Select Oyster Bar is not your neighborhood clam shack. The new Back Bay restaurant, the first solo venture from former Neptune Oyster executive chef Michael Serpa, brings a fresh perspective to the already-competitive seafood-focused landscape. Here, you won’t find lobster rolls, baskets of crispy clam bellies, or burgers topped with fried bivalves.
When Serpa left Neptune, his home for almost seven years, the chef says he was all too eager to move on from the dishes he was celebrated for in the North End. That’s why, when Select Oyster Bar opens next week (the chef has tentatively penciled in April 2 for his grand opening), you’ll find French classics like Provencal bouillabaisse; Basque-style octopus with potatoes, olives, and golden raisins; escargot with garlic butter (something that will soon be sourced from Boston’s Higher Ground Farm); and billi bi, the creamy mussel soup perfected by Pierre Franey (Craig Claiborne’s longtime kitchen collaborator) during his tenure at The Times.
Joined by talented chef de cuisine, Sebastian Martinez, last seen at Volle Nolle and Koy near Faneuil Hall, the two will explore all kinds of coastal cuisines. Look for Greek, Spanish, Portuguese, and Cuban-influenced dishes, like Select’s arroz frito with uni and cuttlefish or bacalao a la plancha, a preparation of seared salt cod and roasted porcini mushrooms that has Serpa particularly excited.
Divided into three easy-to-navigate categories, Select features a healthy number of “Starters” and “Mains,” to complement a well-curated “Fruits de Mer” selection of raw oysters, prawns, lobster, Santa Barbara sea urchin, and ceviche. There’s even a traditional Russian caviar service, a small extravagance that doesn’t feel haughty or pretentious, especially when you see the price ($75, something close to cost), not to mention the casual, laid-back atmosphere of the space.
Like his former digs at Neptune, the inside of Select is snug (30 seats), but that’s where the comparison ends. Serpa, who designed much of the space with is wife and business partner, Lina Velez, has settled on a casual, almost tongue-in-cheek aesthetic for the Victorian brownstone. There are hipster-approved, screen-printed posters depicting Moby Dick and Jacques Cousteau, paintings of Ernest Hemingway’s boat, as well as a giant tapestry dedicated to the characters in Wes Anderson’s The Life Aquatic with Steve Zissou. Exposed brick walls are accented by pressed white tin ceiling tiles and repurposed wooden planks that look as if they were freshly excavated from a Nantucket dock.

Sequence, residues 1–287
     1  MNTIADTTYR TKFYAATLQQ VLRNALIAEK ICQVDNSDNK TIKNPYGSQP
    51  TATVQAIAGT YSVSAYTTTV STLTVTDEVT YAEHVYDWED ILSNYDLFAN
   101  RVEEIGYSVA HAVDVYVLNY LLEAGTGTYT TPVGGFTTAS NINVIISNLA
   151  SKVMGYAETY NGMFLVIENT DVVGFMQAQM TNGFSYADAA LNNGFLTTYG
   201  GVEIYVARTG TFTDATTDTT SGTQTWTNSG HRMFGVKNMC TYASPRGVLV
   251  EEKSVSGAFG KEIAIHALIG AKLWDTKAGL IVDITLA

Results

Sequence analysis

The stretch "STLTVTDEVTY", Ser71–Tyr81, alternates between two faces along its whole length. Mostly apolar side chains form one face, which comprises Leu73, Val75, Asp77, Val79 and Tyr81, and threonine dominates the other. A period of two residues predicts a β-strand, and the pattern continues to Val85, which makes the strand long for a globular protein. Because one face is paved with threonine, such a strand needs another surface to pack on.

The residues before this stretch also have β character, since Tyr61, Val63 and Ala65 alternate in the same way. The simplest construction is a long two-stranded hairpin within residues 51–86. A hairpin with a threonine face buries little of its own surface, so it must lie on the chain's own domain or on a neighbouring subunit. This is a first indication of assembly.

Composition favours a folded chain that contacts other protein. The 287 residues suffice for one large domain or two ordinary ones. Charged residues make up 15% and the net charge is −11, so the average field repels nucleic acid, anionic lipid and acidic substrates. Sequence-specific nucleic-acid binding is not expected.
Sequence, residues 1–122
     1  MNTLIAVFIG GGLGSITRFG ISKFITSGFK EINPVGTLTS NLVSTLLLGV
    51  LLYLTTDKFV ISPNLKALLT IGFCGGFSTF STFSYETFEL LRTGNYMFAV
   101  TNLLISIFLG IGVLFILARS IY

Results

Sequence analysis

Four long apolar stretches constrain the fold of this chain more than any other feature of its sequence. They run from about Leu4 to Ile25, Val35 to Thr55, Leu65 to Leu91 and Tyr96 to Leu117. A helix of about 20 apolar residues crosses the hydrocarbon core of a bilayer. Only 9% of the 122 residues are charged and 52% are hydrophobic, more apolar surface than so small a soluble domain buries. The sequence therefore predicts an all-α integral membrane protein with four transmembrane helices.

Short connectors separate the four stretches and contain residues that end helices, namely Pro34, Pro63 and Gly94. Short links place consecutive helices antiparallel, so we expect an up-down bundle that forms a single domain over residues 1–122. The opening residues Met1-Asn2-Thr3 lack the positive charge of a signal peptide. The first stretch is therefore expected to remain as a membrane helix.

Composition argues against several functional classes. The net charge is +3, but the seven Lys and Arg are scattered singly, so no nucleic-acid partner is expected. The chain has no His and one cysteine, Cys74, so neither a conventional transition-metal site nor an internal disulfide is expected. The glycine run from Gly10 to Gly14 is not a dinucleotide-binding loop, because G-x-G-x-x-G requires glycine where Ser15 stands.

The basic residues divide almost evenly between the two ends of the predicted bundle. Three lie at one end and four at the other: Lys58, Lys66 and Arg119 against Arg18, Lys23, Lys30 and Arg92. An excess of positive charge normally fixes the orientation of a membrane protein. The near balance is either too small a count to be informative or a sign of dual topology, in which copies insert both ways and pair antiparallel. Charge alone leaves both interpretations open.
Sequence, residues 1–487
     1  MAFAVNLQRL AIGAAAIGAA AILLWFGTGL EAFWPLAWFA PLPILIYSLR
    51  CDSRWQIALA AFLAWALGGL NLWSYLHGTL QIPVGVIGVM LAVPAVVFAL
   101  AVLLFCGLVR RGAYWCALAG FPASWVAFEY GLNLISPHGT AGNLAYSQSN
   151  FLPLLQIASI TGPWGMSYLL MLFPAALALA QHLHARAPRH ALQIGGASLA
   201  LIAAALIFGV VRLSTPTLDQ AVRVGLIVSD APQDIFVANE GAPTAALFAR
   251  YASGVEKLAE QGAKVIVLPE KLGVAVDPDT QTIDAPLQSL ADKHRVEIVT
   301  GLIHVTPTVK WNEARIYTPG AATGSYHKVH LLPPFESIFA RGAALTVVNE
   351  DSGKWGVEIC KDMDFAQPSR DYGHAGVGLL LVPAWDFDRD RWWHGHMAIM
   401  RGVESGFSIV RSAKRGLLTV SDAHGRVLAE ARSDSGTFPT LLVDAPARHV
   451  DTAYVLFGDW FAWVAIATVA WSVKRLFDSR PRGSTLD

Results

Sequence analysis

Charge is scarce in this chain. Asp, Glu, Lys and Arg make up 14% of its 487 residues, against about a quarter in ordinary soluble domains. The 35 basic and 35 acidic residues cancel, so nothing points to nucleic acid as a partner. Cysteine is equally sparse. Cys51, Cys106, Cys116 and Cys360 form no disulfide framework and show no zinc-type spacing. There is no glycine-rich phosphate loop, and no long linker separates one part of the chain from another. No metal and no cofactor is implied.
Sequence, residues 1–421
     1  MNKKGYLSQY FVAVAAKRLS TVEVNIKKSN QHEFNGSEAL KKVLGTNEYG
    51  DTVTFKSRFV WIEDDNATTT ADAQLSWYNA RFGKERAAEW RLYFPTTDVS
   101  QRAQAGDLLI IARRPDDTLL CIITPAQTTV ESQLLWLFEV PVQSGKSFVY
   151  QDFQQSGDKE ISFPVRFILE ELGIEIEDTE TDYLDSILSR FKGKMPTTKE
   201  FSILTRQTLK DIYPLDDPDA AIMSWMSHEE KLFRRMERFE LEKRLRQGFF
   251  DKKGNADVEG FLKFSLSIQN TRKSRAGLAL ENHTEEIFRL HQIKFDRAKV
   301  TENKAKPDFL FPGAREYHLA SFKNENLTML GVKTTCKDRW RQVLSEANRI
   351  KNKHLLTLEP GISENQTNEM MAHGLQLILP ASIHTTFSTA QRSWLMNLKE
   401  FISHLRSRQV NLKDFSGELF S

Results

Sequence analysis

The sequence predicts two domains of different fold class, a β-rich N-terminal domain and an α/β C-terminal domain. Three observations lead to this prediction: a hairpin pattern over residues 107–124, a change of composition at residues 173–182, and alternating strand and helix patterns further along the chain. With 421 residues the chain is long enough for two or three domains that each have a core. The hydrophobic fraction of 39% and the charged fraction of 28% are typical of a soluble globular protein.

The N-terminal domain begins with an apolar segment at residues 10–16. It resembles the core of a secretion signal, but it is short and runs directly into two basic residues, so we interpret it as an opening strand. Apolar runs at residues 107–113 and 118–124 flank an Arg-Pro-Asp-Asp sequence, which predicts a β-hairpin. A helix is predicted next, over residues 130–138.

A pewter-topped bar seats 12 and features a small selection of craft beer, Hemingway-inspired cocktails (Vermouth Panache, Death in the Afternoon), and over 50 bottles of wine, most from Burgundy, Champagne, and smaller American pinot noir producers. Hand-selected by Serpa, the chef’s list shows a real knack for enlightened oenophilia, with exciting, offbeat by-the-glass choices like Italian orange wines, bone-dry Txakoli, Slovenian reds, and alternative options like Basque ciders.
Finally, a sprawling communal ash table, hand-crafted by Saltwoods in Winchester, might take center stage in the linear space, but Select’s 22-seat patio will undoubtedly be one of its biggest draws. Adjacent to the raw bar, the private courtyard is decked in harbor lights and a hanging herb garden above metal tables and a heated floor. Oleana, The Blue Room, and Harvest officially have competition for the sexiest al fresco dining in the city.
Select Oyster Bar will be open daily for lunch from 11:30 a.m.-2:30 p.m. Dinner service will take place Sunday to Thursday from 4:30-10:00 p.m. and Friday through Saturday from 4:30 to 11 p.m.
Select Oyster Bar Menu
50 Gloucester St., Boston; 857-239-8064 or selectoyster.com.
Source URL: https://www.bostonmagazine.com/restaurants/2015/03/27/a-first-look-at-select-oyster-bar/
Copyright ©2020 Boston Magazine unless otherwise noted.